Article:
I've been busy reading submissions.
Our new publishing company is developing nicely. We finished drawing up the contract and showed it to a few authors who pronounced it "very reasonable". The website is set up and the shopping cart is in order. We've ordered ISBNs for the books, and our editor is already excited about the books already on her list.
I'm looking for proofreaders now. Anyone interested in proofreading and getting not-yet published books for free can contact me.
It's funny being on the other side of the submissions process.
Usually I'm the one writing the query letters and submitting chapters. Every time I hit the "send" button and see my submission go, my heart flutters, so I know what the authors feel like when they send me their 'babies'.
Luckily I'm not in acquisitions, but I do read the YA submissions and I can read others if I want, although right now I'm in charge of the YA, fantasy, and science fiction part of the submissions.
Here is what I've learned so far:
You can tell a great deal from just the query letter.
You can't tell very much from the synopsis, and the first three pages are usually enough to go on.
I really, really don't like synopsies that don't tell the ending of the book. It's not a blurb, it's a synopsis. I need to have the whole story!
Out of ten queries:
I've requested the first three chapters for 4 out of the 10 queries I've read.
From these, I've requested 2 fulls.
I sent the 2 other 'first three chapters' to our editor to see if she's willing to work with the author. (One maybe, one no.)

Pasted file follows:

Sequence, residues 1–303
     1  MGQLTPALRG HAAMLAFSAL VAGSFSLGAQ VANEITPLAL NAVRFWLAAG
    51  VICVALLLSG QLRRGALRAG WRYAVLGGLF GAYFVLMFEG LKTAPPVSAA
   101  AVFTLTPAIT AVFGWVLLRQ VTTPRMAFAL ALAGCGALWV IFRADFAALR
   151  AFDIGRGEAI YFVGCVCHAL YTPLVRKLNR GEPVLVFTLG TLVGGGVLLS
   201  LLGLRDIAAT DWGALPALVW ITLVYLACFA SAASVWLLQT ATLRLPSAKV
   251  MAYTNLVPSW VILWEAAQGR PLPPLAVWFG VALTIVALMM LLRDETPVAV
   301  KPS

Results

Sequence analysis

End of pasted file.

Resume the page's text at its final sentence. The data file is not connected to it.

I've rejected 4 out of 10 queries after just reading the synopsis and first three pages.
Out of 10 queries, we have 1 definite yes.
1 out of 10.
2 fulls pending.
This is another thing I've learned. You're not as excited about reading when you 'HAVE' to read. That's why finding a great book is such a thrill.
It's not easy to see the diamond in the rough. That's the hard part.
So far I hope I haven't missed any diamonds.
At any rate, being on this side of the submissions process has made me look at agents, editors, and publishers differently. There is simply no way I can be on the internet all day, no way I can intercept mail all day, and no way I can read all the submissions at once. And you don't want me to! You want me to be relaxed, in a good mood, and in a quiet place before I open your query. Otherwise I can't give it the attention it deserves.
The query was sent with a fluttering heart and has hopes pinned to it, so unless the time is right and I HAVE time, I won't read it, even if it means letting it sit in my files for a week while I get other things out of the way. I want to be able to see the diamonds in the rough, as well as those that already sparkle.
I wonder if all agents, publishers, and editors feel like this?